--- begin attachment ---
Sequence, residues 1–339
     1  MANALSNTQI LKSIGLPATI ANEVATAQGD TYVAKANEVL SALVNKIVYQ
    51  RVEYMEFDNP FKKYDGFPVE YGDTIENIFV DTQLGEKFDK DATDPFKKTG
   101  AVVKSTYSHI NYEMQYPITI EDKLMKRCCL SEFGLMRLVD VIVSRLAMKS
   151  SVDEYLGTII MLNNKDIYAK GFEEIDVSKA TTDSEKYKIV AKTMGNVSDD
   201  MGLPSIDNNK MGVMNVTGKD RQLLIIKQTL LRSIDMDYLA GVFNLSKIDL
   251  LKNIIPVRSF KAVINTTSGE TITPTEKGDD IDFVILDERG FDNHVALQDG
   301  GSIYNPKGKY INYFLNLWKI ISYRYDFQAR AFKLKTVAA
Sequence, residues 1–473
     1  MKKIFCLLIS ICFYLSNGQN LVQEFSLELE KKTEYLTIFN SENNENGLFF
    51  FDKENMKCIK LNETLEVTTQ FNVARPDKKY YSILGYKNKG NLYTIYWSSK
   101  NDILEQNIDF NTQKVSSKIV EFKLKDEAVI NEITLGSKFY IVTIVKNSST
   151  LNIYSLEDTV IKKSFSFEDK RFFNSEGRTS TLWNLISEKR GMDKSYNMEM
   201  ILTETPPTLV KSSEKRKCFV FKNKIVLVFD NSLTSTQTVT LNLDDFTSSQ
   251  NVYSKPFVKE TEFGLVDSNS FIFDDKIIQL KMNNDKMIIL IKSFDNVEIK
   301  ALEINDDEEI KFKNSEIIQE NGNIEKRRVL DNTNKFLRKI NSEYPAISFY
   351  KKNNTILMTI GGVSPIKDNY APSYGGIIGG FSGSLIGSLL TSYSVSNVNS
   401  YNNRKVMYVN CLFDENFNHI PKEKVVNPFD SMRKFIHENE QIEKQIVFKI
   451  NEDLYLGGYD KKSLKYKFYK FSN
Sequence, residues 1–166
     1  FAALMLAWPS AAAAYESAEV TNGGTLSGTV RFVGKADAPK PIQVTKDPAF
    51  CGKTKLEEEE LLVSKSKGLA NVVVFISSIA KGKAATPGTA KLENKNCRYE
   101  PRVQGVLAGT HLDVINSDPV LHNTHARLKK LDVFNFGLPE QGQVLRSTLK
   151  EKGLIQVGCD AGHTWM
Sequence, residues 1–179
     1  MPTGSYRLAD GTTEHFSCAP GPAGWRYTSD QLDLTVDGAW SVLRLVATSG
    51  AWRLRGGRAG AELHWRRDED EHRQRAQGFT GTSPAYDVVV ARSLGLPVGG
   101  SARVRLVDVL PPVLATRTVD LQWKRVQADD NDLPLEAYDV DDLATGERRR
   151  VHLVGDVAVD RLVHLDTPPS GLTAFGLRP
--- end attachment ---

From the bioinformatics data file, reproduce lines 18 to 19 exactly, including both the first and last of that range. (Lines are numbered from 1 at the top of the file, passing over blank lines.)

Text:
   401  YNNRKVMYVN CLFDENFNHI PKEKVVNPFD SMRKFIHENE QIEKQIVFKI
   451  NEDLYLGGYD KKSLKYKFYK FSN